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For Many, Alcohol Has Become a ‘Communication’ Tool


The Ministry of Health is now working on a law for alcohol control, which would ban sales to anyone under the age of 21 and impose higher taxes on alcohol sales.

The Ministry of Health is now working on a law for alcohol control, which would ban sales to anyone under the age of 21 and impose higher taxes on alcohol sales.

Alcohol consumption in Cambodia is high enough that authorities are now drafting legislation for a drinking age. But as the country and its economy develop, many here say it has become an essential part of their social—and professional—lives.

Sitting at the Moon Light restaurant one recent evening, Chhor Ratana, a student of banking, sat holding a beer and waiting for his friends to arrive. “Alcohol is one thing that any meeting or gathering can’t be held without,” he said. “It can make any communication better. And new relationships come from this.”

It’s a common sentiment these days: that alcohol makes communication not only easier, but better. Experts warn this is not, in fact, the case. Still, it has become a part of the culture.

At formal events, government officials and other elites drink alcohol, offering a toast when agreements are signed. Red and white wine are popularly used, according to author In Sophal, in “Diplomatic Protocol and Asean protocol.” Sometimes, champagne is consumed at the end of an important speech or event.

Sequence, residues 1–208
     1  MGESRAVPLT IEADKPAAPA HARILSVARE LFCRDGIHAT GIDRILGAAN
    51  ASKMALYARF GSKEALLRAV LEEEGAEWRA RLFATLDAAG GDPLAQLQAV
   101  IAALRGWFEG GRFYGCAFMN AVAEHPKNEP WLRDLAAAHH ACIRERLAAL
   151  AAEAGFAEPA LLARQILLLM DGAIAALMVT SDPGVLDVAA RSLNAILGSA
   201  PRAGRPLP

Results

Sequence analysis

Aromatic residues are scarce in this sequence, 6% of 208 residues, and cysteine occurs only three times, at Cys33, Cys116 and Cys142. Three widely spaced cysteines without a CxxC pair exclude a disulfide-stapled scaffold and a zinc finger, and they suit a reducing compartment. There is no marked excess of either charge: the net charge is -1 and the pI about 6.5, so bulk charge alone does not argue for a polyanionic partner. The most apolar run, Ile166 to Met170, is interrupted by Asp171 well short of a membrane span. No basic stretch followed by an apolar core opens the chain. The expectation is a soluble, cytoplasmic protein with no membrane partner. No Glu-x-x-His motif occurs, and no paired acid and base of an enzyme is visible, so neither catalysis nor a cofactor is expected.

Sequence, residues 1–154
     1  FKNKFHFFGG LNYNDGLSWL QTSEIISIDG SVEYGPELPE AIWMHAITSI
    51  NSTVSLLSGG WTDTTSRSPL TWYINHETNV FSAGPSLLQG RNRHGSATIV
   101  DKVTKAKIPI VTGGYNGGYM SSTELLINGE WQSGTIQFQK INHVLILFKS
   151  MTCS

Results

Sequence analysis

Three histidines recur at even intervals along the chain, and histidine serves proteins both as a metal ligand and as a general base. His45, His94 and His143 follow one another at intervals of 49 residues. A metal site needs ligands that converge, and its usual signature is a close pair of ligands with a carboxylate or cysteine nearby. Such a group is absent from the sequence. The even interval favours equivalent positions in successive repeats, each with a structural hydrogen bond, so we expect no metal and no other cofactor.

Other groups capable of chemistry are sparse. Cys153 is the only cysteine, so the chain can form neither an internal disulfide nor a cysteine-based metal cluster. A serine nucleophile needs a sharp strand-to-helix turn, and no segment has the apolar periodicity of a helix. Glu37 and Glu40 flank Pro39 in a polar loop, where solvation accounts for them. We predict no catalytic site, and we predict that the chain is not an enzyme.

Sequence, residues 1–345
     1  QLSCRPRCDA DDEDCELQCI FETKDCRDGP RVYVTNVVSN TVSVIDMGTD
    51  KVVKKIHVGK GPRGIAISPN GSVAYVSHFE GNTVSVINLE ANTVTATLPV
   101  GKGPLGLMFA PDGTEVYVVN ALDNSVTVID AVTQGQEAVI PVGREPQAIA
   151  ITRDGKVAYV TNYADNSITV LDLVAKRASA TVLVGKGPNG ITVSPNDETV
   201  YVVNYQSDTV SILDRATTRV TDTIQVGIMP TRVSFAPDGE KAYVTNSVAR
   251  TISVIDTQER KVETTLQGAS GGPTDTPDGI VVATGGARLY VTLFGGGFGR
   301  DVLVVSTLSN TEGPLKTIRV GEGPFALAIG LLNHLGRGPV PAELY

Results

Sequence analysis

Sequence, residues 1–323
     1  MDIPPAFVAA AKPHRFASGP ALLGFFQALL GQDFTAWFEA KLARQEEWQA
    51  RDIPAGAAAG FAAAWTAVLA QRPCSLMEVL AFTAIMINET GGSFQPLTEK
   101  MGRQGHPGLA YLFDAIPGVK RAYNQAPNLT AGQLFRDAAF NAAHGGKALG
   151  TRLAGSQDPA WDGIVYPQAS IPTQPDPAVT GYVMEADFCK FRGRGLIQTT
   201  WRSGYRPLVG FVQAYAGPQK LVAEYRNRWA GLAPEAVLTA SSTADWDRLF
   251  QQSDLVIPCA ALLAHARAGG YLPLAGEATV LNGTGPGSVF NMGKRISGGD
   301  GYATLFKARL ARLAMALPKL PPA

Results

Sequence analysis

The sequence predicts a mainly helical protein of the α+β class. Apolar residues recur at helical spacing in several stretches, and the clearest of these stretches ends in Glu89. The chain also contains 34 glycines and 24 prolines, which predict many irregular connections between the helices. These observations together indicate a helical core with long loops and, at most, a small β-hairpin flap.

But drinking isn’t confined to officialdom. Ungsitat Virakchamna, a student from the National University of Management, said she drinks at special occasions, including family gatherings, or at business meetings.

“Every time I drink beer with my friends, it makes our communication go more smoothly,” she said. One who cannot drink, she said, is one who is poor at communicating. “Alcohol drinkers consider those who can’t drink as disrespectful to them,” she said.

That kind of attitude may be behind an increase in consumption of alcohol. The World Health Organization has seen an uptick in the amount of alcohol consumed by Cambodians aged 15 or older. And experts say that doesn’t always mean better communication at all.

“Those who don’t drink, they can learn and communicate better than those who do,” said Im Sothearith, the human resources director for Chip Mong Group. People who aren’t drinking are more aware of what’s going on around them, he said, making them more adaptable to circumstances. He discouraged the use of alcohol as a communication aid. “Alcohol is not a factor in improved communication,” he said.

Somchan Sovandra, a lecturer of psychology at the Royal University of Phnom Penh, said moderate alcohol use can ease communication. But overuse “will only bring trouble to the drinker,” he said. “It will not only ruin your reputation and health, but your family’s economy as a whole.”

And it can be dangerous. Authorities say drinking is a top cause of traffic deaths. In the first six months of this year, there were more than 2,500 alcohol-related traffic accidents. The Ministry of Health is now working on a law for alcohol control, which would ban sales to anyone under the age of 21 and impose higher taxes on alcohol sales.

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